The Skydiving Beavers, A True Tale – written by Susan Wood, illustrated by Gijsbert van Frankenhuyzen

  The Skydiving Beavers, A True Tale – written by Susan Wood, illustrated by Gijsbert van Frankenhuyzen, Sleeping Bear Press, (9781585369942), 2017.

Format: Hardcover Picture Book

Rating: 1-5:  (5 is an excellent or a Starred review) 4

Genre: Non-fiction

What did you like about the book? This old-timey true story begins, “It all started when the folks of McCall, Idaho, realized they had a problem. A big problem. A big beavery-type problem.” The problem was caused when a building boom in 1948 pitted people against the indigenous beaver population. Elmo Heter of the Idaho Dept. of Fish and Game came up with the idea to move many of the beavers to an uninhabited area – Chamberlain Basin. But how could he get them there? Heter came up with an ingenious idea flying them in and making air drops using leftover parachutes from WWII.  After much trial and error and with the help of an old male beaver he named Geronimo to do some test runs, the project eventually succeeded in moving seventy-six beavers. Notes at the end provide details about the real life event and interesting facts about beavers. Handsome paintings by van Frankenhuyzen highlight the beauty of the surroundings.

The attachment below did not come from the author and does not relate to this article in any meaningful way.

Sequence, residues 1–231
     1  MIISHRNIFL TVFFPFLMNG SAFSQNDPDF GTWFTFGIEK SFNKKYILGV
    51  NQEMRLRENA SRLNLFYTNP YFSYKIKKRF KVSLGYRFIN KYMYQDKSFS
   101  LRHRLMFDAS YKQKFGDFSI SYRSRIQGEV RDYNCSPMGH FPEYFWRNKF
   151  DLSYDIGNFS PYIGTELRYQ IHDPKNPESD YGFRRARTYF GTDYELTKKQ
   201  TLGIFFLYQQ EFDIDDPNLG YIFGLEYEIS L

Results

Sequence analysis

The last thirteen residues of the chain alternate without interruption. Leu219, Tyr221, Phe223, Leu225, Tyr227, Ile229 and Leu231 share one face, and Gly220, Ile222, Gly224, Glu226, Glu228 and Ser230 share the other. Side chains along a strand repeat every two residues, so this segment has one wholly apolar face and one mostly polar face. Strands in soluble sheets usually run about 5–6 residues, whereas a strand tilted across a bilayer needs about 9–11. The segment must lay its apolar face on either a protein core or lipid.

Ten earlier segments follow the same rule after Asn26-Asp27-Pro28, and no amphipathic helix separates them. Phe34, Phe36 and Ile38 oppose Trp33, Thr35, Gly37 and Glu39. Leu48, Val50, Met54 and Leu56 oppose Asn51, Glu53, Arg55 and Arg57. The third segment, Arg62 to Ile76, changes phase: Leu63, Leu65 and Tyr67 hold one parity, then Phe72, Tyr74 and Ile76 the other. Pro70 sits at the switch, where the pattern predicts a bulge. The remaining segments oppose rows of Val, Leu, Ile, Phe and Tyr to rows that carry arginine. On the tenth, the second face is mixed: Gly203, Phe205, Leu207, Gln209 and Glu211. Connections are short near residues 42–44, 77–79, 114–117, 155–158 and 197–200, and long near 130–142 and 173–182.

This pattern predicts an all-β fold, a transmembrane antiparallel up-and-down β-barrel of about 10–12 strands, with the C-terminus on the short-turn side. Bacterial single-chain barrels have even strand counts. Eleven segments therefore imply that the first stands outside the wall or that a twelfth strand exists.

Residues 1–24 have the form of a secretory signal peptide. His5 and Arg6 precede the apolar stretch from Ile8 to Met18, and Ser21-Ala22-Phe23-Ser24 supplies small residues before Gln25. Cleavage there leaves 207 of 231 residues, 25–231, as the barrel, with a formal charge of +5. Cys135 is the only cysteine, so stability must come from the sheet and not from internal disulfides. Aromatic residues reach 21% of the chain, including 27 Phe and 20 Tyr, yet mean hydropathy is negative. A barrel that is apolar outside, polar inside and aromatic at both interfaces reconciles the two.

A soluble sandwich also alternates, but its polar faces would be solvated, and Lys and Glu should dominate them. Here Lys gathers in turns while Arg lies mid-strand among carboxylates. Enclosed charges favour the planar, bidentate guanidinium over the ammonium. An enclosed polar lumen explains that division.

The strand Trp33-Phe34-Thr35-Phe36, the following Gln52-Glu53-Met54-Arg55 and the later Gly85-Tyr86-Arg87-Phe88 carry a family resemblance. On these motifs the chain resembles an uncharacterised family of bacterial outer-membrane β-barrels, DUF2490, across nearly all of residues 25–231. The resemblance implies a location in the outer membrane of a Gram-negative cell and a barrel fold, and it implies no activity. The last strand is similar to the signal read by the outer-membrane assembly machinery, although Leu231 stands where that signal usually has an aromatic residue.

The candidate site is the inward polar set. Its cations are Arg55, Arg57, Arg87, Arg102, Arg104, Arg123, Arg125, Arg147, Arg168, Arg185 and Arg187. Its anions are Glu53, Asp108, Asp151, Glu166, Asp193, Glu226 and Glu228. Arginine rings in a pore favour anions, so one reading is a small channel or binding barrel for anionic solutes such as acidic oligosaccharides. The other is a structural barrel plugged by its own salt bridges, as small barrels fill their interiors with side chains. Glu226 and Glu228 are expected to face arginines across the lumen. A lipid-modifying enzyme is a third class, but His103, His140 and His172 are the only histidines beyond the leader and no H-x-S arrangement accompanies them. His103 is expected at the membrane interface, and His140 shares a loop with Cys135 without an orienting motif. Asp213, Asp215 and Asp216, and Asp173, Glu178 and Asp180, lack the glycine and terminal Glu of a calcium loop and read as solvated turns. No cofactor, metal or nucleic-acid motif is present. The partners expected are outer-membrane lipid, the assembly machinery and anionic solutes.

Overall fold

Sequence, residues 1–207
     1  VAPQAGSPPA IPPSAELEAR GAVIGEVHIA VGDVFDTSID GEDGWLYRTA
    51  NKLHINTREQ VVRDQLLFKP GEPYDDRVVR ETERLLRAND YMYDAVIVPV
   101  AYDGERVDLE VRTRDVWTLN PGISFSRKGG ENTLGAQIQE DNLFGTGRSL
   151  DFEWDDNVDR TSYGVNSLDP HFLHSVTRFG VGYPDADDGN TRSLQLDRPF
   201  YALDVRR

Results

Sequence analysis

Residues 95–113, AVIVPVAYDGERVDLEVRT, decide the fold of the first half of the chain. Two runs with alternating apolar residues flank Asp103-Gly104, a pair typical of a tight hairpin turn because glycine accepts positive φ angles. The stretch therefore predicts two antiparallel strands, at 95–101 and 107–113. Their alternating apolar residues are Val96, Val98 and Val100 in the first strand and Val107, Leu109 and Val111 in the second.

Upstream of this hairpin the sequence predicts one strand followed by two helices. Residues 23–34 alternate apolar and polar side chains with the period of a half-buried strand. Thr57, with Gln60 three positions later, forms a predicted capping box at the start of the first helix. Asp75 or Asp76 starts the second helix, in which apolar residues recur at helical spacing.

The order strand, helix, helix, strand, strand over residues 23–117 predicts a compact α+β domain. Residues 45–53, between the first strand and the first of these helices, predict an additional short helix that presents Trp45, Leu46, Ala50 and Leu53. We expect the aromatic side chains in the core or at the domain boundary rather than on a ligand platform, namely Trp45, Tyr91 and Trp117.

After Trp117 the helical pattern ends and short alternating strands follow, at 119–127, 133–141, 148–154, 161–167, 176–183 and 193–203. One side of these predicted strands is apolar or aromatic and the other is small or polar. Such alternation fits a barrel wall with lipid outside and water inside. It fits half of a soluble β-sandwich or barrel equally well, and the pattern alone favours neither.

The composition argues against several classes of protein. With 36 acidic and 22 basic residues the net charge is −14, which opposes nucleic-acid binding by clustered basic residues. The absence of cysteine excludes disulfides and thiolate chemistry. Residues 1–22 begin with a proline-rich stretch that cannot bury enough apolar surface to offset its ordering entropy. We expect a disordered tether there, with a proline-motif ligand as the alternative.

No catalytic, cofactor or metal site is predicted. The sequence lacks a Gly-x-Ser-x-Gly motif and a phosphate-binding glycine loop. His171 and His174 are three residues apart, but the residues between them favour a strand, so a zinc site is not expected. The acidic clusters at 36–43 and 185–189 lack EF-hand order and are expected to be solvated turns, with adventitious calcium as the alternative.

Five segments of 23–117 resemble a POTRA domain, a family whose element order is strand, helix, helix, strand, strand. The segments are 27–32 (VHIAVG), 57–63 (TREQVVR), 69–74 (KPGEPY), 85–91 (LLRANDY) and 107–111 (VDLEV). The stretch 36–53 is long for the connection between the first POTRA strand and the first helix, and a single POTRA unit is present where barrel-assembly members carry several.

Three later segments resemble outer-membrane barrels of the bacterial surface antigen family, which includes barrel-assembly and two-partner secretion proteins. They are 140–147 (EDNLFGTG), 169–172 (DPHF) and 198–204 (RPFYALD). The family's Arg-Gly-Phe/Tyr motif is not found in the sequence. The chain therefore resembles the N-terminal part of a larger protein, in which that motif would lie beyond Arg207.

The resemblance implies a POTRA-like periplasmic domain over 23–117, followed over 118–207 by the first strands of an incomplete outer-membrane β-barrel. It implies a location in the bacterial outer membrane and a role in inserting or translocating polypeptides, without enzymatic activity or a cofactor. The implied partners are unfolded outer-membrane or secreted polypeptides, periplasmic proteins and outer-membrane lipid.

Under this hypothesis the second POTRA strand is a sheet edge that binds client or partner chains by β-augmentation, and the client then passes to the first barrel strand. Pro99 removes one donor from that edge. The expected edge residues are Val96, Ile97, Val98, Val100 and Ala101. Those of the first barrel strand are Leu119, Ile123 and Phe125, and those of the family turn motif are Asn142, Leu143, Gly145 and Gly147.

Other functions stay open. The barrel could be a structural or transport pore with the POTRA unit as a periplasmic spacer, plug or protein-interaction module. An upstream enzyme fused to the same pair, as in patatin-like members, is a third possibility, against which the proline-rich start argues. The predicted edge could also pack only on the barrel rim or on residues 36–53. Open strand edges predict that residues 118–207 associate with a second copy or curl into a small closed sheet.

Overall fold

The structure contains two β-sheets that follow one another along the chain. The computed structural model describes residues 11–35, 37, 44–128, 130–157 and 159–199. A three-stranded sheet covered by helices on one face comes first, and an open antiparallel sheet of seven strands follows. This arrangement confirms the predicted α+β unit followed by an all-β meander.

Anything you didn’t like about it?  No.

To whom would you recommend this book?  Recommend to budding naturalists who would like to hear about an instance when people carefully relocated wild animals. It also works nicely to supplement STEM or Makerspace curriculum to demonstrate a real life example of someone inventing something using trial and error.

Who should buy this book? Elementary school libraries and public libraries.

Where would you shelve it?  Shelve in with other books about beavers in 599.37.

Should we (librarians/readers) put this on the top of our “to read” piles?  Yes, but only if the topic interests you.

Reviewer’s Name, Library (or school), City: Mary Melaugh, Marshall Middle School Library, Billerica, MA

Date of review:  5/16/17

This entry was posted in Book Review and tagged . Bookmark the permalink.

Leave a Reply

Fill in your details below or click an icon to log in: Logo

You are commenting using your account. Log Out /  Change )

Google+ photo

You are commenting using your Google+ account. Log Out /  Change )

Twitter picture

You are commenting using your Twitter account. Log Out /  Change )

Facebook photo

You are commenting using your Facebook account. Log Out /  Change )


Connecting to %s